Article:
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Another look at the Baqueira case study
During the Refresher Programme talk ''A finance class with no exam'' on June 27th, the ESADE professor of economics, finance and accounting, Joan Massons (BBA&MBA 66 / PhD 07), took another look at the famous Baqueira case study that he used to analyse with the students in his classes.
The ESADEFORUM auditorium in Barcelona was full of alumni keen to recall their ESADE days and relive the classes and jokes given by their finance professor about a case study that Massons started using in 1985 and continued until 2016. ''I picked several crucial years in the history of this Aranese ski resort and then added more recent years that reveal the fallout of the 2008 crisis in general and the economic impact of the huge changes that the resort has undergone,'' he explained.
Joan Massons reminded the audience that Baqueira Beret is the second largest ski resort in the Pyrenees after Grandvalira in Andorra which has 210 km of marked ski slopes and 66 ski lifts, against Baqueira Beret’s 156 km and 35 lifts. “The ski resorts in the Pyrenees are small compared to those in the Alps, some of which have 600 km, and those in Austria, for example, with 2,000 km of ski slopes. Professor Massons, a keen mountaineer, read out the questions he used to ask students about the case study in class and answered them himself. He then compared the answers with the resort’s current figures.
''During the first period analysed (between 1985 and 2008), the ROE varied considerably but it can be concluded that the returns were low and subject to the high inflation of that period,'' he said. However, Baqueira also suffered substantial losses on account of several droughts, for example in 1991. ''It’s important to interpret the figures calmly and cautiously. Looking at the case study year on year, we can see how returns were affected by factors such as lower interest rates, the sale of land and the weather,'' pointed out Massons.
Passion for skiing
One matter that has always caught the professor’s eye is the conservative approach of the Baqueira Beret partners who, being acutely aware of the risks involved with snow, have always refused to entertain borrowing.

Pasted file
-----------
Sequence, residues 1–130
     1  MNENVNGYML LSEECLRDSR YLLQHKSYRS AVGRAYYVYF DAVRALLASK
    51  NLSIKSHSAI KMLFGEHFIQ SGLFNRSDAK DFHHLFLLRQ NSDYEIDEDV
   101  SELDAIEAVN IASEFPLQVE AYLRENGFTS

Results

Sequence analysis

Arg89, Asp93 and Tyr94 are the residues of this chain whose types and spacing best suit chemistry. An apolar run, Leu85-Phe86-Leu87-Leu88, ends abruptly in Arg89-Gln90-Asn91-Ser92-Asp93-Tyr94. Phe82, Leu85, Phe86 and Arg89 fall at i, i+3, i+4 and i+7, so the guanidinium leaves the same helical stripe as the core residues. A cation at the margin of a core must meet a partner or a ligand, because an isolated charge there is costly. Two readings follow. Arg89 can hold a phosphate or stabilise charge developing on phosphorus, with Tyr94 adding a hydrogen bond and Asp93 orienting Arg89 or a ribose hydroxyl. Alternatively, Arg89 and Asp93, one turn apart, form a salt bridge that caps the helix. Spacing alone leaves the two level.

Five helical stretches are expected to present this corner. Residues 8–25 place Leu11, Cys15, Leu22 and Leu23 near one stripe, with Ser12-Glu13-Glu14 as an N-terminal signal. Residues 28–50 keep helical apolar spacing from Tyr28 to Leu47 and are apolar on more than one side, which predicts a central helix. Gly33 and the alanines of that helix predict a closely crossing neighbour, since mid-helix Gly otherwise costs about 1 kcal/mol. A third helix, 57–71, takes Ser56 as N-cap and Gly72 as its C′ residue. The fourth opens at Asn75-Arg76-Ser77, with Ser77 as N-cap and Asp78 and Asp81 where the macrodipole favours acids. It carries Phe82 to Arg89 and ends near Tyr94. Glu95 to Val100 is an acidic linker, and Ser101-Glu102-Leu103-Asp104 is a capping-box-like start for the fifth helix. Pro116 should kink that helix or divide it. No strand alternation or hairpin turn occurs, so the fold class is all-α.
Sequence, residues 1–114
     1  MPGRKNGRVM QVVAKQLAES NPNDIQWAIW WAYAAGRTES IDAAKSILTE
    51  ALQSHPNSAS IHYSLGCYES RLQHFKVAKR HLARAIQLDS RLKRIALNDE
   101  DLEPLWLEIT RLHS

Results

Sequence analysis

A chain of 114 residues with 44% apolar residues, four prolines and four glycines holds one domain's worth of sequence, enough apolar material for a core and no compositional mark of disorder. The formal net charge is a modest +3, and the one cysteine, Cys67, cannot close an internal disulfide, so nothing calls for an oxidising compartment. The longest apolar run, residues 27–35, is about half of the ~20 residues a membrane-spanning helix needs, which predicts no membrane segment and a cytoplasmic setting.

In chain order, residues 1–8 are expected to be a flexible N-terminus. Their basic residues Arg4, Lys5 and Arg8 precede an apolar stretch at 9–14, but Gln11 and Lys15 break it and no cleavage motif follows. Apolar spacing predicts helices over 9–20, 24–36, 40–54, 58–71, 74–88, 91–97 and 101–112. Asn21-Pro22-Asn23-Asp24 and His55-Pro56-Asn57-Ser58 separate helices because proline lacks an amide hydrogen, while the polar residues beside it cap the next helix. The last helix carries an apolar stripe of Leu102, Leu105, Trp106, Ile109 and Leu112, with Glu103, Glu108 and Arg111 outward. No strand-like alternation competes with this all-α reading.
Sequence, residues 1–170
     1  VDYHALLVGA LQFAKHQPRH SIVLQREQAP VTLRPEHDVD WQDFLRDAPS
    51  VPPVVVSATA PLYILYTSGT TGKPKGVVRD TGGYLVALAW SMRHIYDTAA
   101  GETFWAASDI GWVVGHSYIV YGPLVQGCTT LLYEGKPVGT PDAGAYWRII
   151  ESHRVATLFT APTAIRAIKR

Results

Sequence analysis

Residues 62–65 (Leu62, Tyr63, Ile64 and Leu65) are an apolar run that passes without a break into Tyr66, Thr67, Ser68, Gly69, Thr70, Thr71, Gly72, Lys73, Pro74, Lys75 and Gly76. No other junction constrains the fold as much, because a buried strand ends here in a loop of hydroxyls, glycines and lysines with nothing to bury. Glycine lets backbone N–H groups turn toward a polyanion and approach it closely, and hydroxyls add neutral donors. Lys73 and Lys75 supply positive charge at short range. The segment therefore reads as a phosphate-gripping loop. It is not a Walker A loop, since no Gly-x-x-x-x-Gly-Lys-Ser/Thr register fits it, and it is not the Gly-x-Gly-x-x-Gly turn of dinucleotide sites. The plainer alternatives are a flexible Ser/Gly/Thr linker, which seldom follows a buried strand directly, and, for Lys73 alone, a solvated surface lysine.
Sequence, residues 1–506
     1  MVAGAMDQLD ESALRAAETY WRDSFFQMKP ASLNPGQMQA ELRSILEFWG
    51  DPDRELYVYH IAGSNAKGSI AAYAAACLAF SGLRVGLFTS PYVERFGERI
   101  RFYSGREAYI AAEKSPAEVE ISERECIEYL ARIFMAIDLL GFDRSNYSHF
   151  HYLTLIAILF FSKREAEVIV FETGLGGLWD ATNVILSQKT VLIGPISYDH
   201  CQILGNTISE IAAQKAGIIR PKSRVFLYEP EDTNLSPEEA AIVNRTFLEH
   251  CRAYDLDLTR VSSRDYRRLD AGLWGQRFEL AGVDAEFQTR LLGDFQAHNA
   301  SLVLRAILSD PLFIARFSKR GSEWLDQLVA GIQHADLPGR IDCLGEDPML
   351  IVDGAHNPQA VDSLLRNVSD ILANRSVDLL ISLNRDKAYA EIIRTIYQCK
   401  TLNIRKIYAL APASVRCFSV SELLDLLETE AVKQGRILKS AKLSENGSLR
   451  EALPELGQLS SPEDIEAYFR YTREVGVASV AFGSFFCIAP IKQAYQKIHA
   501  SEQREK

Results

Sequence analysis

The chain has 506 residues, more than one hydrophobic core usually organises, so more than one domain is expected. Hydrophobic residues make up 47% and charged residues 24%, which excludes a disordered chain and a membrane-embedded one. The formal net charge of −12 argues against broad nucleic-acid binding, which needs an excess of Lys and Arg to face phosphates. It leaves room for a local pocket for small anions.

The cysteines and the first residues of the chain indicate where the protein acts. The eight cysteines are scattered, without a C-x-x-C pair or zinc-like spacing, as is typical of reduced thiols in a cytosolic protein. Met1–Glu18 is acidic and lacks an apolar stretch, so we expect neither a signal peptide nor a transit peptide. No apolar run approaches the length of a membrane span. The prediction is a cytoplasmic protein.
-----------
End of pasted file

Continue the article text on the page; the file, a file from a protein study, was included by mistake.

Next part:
The project has always been underpinned by a handful of unconditional skiers and the financial backing of Grupo Catalana Occidente. Massons explained that although the shareholder structure has changed over the years (the insurance group currently has a stake of 11.73%, whilst Jesús Serra Farré, the resort manager, holds more than 50% of all shares), the approach has always been very conservative, with partners showing an enormous passion for the ski project and the Aran region.
He went on to say that the overheads of the ski resort are essentially staff wages and depreciation, and that, although no cost-cutting is possible in the staff area on account of safety considerations, amortisation did feature a drop in value in the early years which affected the ROE (but things gradually fell into line with the 15-year period stipulated in Europe for the amortisation of a ski resort.
On the other hand, the return on this asset is low because the resort is closed so many months a year, ''although efforts could be made to increase the number of visitors on week days and during the summer'', said the speaker.
During his analysis, Massons also emphasized the importance of taking other operating income into account (such as ski lift fares, which sometimes prevent Baqueira from slipping into the red) and the economic boost that the resort gives the Aran Valley – for years the area of Catalonia with the highest income per capita. ''Skiing must be safeguarded because it generates wealth in the region and operating income is inherent: ski resorts that have not made an effort in this respect have not done well,'' he said.
Baqueira Beret has also diversified into other ski-related activities though subsidiaries including Hovasa (hotels), Viatges Baqueira Beret, Hotels Nevados S.A., Sorpe Bonaigua S.A., etc.
From 2008 to 2016, there was no drop in the numbers of skiers visiting the resort despite the crisis. The resort’s returns at the end of the crisis are higher than before with returns of 12.39% recorded in 2016 indicating a very good season.
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